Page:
Vegans can have a tough time finding food items that supply the protein and flavor they need in their diets, so look to cashews to do the job. Those who choose to eat animal products often sprinkle cheese into salads or pasta for an extra flavor kick and protein boost. Cashews can serve the same purpose, and even in a slightly more healthy way. Look to crushing up cashews and add them into meals you bake in the oven to given them that flavorful topping sensation. With the right strategy and creative integration of nuts like cashews into vegan meals, those who refrain from animal protein won’t have to miss out on flavor or energy.
A Solid Protein Addition
Avoid the roasted kinds of cashews, as they can often have additional sodium that detracts from the nutritional value of the nut. Look for raw cashews and then lightly toast them in a dry skillet if you’re looking for that extra crunch. One one-ounce serving of cashews has about 150 calories, 5 grams of protein and about 12 grams of fat, most of which is the healthy unsaturated form. That’s about a tenth of your recommended daily protein intake and a fifth of your daily fat intake. While the serving of cashews has slightly more calories and fat overall than a serving of Parmesan cheese, the cheese has much more saturated fat, about 5 grams compared to the nuts’ 2 grams. It’s also heavier in sodium and cholesterol.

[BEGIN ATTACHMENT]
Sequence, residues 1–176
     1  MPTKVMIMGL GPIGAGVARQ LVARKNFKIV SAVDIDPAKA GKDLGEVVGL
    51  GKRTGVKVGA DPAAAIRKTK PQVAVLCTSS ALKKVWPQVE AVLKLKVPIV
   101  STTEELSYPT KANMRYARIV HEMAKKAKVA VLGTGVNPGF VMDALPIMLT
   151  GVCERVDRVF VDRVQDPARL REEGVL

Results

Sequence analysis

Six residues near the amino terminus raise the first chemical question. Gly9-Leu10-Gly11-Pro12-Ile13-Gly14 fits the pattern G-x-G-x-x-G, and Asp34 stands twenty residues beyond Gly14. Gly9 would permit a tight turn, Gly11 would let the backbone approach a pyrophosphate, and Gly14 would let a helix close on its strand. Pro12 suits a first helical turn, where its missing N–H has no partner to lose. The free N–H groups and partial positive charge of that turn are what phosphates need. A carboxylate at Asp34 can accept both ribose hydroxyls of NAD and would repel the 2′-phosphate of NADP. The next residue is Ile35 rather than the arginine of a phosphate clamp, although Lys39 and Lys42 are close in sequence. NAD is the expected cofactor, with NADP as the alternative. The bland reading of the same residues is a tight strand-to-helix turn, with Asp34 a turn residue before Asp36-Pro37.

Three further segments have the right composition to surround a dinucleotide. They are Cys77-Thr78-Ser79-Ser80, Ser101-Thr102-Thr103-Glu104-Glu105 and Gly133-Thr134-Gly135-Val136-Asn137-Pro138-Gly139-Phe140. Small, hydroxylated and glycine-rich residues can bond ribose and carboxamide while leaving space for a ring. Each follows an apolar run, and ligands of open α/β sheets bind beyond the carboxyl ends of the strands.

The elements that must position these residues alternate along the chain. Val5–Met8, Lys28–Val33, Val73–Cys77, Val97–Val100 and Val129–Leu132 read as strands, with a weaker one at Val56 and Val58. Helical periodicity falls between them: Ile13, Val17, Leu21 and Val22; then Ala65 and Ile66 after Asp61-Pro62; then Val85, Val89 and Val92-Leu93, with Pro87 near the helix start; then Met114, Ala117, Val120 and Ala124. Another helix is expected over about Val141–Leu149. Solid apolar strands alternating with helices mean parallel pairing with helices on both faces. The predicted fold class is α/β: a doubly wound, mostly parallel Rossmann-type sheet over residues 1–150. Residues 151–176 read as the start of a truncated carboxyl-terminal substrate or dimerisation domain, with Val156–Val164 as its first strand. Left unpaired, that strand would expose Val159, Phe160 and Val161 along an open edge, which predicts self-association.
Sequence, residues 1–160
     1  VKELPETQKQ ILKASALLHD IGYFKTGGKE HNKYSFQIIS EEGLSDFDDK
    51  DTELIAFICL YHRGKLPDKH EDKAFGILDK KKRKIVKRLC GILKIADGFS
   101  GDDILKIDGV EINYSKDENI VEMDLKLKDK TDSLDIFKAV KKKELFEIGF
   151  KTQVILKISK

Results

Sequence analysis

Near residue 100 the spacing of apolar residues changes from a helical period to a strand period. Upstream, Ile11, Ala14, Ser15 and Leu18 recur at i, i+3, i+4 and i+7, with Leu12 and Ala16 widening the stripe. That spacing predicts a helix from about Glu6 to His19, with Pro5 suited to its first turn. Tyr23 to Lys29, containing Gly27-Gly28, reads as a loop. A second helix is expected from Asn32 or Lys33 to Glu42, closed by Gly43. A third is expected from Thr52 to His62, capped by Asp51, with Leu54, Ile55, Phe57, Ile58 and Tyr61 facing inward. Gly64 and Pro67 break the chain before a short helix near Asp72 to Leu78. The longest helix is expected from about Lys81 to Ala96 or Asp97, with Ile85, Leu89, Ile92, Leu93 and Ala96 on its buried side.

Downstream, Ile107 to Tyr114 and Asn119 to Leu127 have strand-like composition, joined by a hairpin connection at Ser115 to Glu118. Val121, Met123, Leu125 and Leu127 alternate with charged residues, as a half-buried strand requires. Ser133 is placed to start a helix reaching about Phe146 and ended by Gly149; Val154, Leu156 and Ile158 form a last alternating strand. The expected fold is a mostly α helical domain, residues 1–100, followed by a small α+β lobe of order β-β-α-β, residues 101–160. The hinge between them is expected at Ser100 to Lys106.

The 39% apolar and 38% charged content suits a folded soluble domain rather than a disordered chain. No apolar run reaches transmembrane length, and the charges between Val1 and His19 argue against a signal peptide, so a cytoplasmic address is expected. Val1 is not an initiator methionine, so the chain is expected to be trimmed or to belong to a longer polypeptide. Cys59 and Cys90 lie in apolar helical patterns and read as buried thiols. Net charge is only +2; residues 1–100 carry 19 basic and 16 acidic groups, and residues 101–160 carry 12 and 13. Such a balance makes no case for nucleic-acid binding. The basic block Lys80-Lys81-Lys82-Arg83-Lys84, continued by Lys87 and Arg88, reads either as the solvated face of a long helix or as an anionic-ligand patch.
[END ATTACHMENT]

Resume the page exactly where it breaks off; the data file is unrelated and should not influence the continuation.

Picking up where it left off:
Add Into Dishes
Cheese comes in handy for added protein, flavor and interest to food dishes that are typically rich in vegetables or other less filling food groups. People frequently sprinkle Parmesan, feta, Gorgonzola and goat cheese to pastas and salads for that purpose. Cashews’ both salty and sweet profile make them a food versatile enough to work as a substitute for cheese in all of these settings.
Add chopped cashews to tomato sauce for pasta to give it a more complex flavor. Toss them whole in pasta primavera style dishes. Add them to salads that run the gamut of flavor profiles and themes: from Asian style salads with pea pods, orange soy dressings, to Italian versions of salads with tomatoes, artichokes and light vinaigrettes.
Adopt Them for Baked Items
Melted cheese can be a delicious addition to many food dishes that you bake in the oven, such as casseroles and pizzas. While cashes won’t bring you the exact soft and gooey consistency that melted cheese does, they can be a tasty topping and add an interesting texture. If you already have a vegan casserole recipe, crush up a serving of raw cashews and sprinkle them across the dish for the last five minutes to create a crunchy crust for the food. Add roasted vegetables and crushed cashews to a pizza crust to make a vegan version of the cheese-heavy, but universally loved food.
Other nuts like walnuts and almonds can serve much the same flavor function and nutritional benefit, if you’re looking to mix it up a bit.